PostgreSQL vs MySQL vs MariaDB - Help me Decide
PostgreSQL & MySQL are the two most popular open-source databases today.
The less popular MariaDB is a MySQL fork that happened after the acquisition of Sun Microsystems by Oracle on January 27, 2010.
Here's a graph representing the popularity of these 3 databases:
PostgreSQL & MariaDB have been gaining ground recently, while MySQL is slowly declining. But that's not enough to make a decision.
So which one should you choose?
Let's look at this from different angles.
By running some benchmarks you can get a rough idea of how these databases compare to each other in terms of performance.
For this article, we going to use the HammerDB benchmarking tool.
This tool implements a standardized performance test called TPC-C.
Here's the description:
"TPC-C involves a mix of five concurrent transactions of different types and complexity. The database is comprised of nine types of tables with a wide range of record and population sizes."
Here's the setup:
- Ubuntu 18.04
- 1 GB RAM
- 1 CPU
- MySQL 5.7.23
- MariaDB 10.1
- PostgreSQL 10.5
- Default settings
We ran the tests for 5 minutes for each database.
Here are the results:
- PostgreSQL 18534 TPM, 7972 NOPM
- MySQL 14051 TPM, 4659 NOPM
- MariaDB 21441 TPM, 7172 NOPM
The meaning of these two values (TMP & NOPM) is described like this:
"TPM values cannot be compared between different database types. The NOPM value is based on a metric captured from within the test schema itself. As such NOPM (New Orders Per Minute) is a performance metric independent of any particular database implementation and is the recommended primary metric to use."
Like any benchmark the results depend on the specific scenario the tests are run in.
This particular benchmark tries to reproduce the workload of any industry that must manage, sell or distribute a product or service.
Knowing that, we can conclude that both PostgreSQL & MariaDB are faster than MySQL in this particular scenario, with PostgreSQL coming on top of the raw performance game.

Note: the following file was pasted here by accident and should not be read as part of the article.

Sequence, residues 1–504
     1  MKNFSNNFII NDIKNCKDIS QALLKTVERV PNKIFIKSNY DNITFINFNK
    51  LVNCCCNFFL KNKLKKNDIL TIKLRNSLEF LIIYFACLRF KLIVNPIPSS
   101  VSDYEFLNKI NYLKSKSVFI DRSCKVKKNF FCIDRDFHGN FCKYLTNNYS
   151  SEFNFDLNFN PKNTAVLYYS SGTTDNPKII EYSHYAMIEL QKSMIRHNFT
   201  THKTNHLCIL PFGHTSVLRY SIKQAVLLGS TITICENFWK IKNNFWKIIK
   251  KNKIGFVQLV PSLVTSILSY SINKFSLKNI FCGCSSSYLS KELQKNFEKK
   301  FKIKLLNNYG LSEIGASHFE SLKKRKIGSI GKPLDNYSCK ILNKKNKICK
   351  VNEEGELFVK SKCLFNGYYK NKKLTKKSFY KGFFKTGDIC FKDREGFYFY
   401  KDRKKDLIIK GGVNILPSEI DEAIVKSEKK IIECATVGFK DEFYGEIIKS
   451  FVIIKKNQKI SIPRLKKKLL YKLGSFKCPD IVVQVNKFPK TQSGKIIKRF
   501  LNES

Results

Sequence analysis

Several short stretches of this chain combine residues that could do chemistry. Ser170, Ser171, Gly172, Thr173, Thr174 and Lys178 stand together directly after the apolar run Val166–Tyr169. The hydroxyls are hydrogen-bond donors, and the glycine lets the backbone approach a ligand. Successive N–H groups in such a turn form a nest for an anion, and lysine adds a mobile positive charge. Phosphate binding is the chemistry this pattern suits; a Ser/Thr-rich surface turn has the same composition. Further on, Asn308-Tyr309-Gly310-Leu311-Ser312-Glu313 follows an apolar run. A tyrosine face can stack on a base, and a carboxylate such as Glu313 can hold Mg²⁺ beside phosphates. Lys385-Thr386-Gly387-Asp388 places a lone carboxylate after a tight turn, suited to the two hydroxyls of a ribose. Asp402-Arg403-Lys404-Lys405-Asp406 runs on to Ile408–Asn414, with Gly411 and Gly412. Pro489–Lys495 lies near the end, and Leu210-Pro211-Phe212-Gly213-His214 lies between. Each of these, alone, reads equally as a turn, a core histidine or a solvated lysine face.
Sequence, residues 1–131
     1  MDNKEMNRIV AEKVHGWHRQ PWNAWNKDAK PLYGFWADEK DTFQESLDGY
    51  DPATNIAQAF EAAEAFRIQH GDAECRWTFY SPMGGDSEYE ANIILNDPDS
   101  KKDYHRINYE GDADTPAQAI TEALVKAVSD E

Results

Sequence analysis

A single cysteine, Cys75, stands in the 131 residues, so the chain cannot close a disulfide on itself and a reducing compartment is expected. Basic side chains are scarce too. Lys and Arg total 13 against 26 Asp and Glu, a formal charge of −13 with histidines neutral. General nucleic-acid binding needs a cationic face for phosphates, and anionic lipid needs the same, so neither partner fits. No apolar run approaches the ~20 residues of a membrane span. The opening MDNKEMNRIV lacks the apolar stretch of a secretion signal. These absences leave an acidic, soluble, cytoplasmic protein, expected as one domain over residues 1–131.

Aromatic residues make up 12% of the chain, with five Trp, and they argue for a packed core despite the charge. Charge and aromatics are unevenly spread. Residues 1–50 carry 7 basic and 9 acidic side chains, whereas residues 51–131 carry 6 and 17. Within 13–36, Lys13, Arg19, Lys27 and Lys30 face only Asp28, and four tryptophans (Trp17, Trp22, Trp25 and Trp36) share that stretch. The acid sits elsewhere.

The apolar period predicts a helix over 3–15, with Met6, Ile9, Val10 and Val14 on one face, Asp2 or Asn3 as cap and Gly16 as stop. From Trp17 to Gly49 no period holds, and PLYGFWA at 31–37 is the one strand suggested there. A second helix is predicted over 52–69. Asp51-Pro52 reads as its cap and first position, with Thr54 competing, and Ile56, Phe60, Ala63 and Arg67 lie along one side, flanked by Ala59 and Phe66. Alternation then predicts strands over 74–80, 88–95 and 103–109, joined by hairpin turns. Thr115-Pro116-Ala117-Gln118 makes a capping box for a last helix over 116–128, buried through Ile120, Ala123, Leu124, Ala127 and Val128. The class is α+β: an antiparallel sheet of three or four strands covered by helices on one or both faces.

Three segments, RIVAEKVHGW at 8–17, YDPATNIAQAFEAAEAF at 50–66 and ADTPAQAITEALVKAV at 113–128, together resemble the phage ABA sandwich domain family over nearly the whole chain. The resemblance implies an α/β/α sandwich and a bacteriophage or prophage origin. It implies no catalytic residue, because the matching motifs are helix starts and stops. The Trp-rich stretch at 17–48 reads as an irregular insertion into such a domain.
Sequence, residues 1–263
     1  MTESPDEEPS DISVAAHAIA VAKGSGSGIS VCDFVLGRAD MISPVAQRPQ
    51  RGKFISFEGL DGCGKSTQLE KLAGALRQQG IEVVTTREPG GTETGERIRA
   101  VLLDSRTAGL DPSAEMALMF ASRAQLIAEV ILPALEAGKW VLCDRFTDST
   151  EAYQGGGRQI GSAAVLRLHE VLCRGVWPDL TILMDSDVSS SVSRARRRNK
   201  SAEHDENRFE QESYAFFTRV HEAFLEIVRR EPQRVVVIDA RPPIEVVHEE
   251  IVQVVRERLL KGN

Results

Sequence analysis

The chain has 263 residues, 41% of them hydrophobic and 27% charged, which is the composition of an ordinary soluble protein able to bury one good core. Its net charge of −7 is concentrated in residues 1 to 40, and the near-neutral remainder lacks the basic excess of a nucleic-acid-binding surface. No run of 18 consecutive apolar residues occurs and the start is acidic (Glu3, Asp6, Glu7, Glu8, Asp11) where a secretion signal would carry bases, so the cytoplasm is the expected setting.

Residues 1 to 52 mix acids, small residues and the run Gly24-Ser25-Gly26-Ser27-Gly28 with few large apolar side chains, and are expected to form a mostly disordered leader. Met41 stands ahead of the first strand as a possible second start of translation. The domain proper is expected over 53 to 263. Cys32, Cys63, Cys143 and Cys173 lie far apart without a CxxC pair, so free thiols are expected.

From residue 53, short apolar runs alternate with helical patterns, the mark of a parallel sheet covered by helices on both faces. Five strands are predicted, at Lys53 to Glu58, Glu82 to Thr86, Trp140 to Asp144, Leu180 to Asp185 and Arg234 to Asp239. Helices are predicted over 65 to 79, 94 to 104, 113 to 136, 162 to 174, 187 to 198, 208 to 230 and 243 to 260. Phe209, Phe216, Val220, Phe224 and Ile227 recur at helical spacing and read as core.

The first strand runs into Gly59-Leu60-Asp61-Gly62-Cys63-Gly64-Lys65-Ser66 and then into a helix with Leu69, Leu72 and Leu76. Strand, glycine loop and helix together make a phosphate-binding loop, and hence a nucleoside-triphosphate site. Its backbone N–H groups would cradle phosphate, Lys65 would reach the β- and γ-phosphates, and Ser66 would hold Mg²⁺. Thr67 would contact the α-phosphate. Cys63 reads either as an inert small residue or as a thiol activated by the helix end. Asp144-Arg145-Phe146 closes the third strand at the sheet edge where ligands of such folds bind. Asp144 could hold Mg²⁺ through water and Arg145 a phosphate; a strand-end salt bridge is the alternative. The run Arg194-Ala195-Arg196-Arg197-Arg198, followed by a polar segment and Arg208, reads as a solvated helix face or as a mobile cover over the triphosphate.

These 3 databases support all the basic SQL operations you would expect.
But when it comes to more advanced features there is a lot of variability between them.
For example, PostgreSQL supports materialized views, while MySQL doesn't.
Here's a feature comparison table:
|Array Data Type||✓||✖||✖|
|JSON Data Type||✓||✓||✓|
|CHECK constraints||✓||✖||✓ (from version 10.2.1)|
|Common Table Expressions||✓||✓||✓|
Looking at this table we can conclude that PostgreSQL has the most features implemented.
Besides these features, you can find some behavior differences.
For example, this query:
NULL in MySQL, while PostgreSQL & MariaDB (since version 10.2.4) return a division by zero error.
This can be changed with SQL modes in MySQL.
Administration & Monitoring Tools
Because databases are critical software components there are dozens of tools available for administration, monitoring & troubleshooting.
Starting with the command-line applications:
These are great for basic administration tasks.
Because they come built-in with their respective servers so they are always available. There is nothing extra to install.
They both have a command history available, so you can re-run previously executed queries & commands.
And they have a set of bult-in commands that can facilitate interacting with the database.
psql has the
\d command to list all your databases, and
mysql has the
status command to get information like the server version & uptime.
Official graphical tools are also available.
Here's a screenshot from pgAdmin4:
And for MySQL Workbench:
Now we move onto more specialized tools like pghero (PostgreSQL).
PgHero is "a performance dashboard for Postgres".
Here's a screenshot:
For MySQL, and MariaDB, you can use MySQL Tuner. This is a Perl script that will analyze your configuration file & database statistics to produce configuration recommendations.
Here's a screenshot:
There are also log-parsing tools to help you find slow queries.
Here's pt-query-digest for MySQL, a tool for analyzing your logs & running queries to find the slowest queries so you can optimize them.
As you can see in this screen, it's also a command-line tool:
And here is pgBadger for PostgreSQL:
pgBadger is like pt-query-digest, but it will analyze PostgreSQL logs & slowest queries.
It looks like PostgreSQL has more graphical tools available, so if you are more comfortable using tools with graphical frontends, instead of command-line applications, then you may want to keep this in mind when making your decision.
You can install plugins & extensions if you need extra features for your database.
Extending MySQL & MariaDB is mostly done in the form of UDFs (User-Defined Functions), which are small plugins written in C.
However, it doesn't seem to be a very popular feature, so it's hard to find any useful UDF extensions.
PostgreSQL has some helpful extensions:
- PostGIS adds spatial search capabilities for geographic information systems (GIS)
- HStore allows you to use key-value storage without having to install a specialized database
- Multicorn allows you to query other sources of data (like Redis, Amazon S3, or even Twitter!) as if they were real tables
If you need any of these extensions then PostgreSQL might be a great choice for you.
To make a good decision you should consider what your needs are.
- Is your application going to do a lot of work with geographic information? Then the PostGIS extension would be of great help.
- Could your application benefit from specific features that each database supports, like materialized views or partial indexes? Then choose that database.
- Do you need more hosting & support options? Then MySQL or MariaDB may be a better fit.
We hope you found this comparison useful!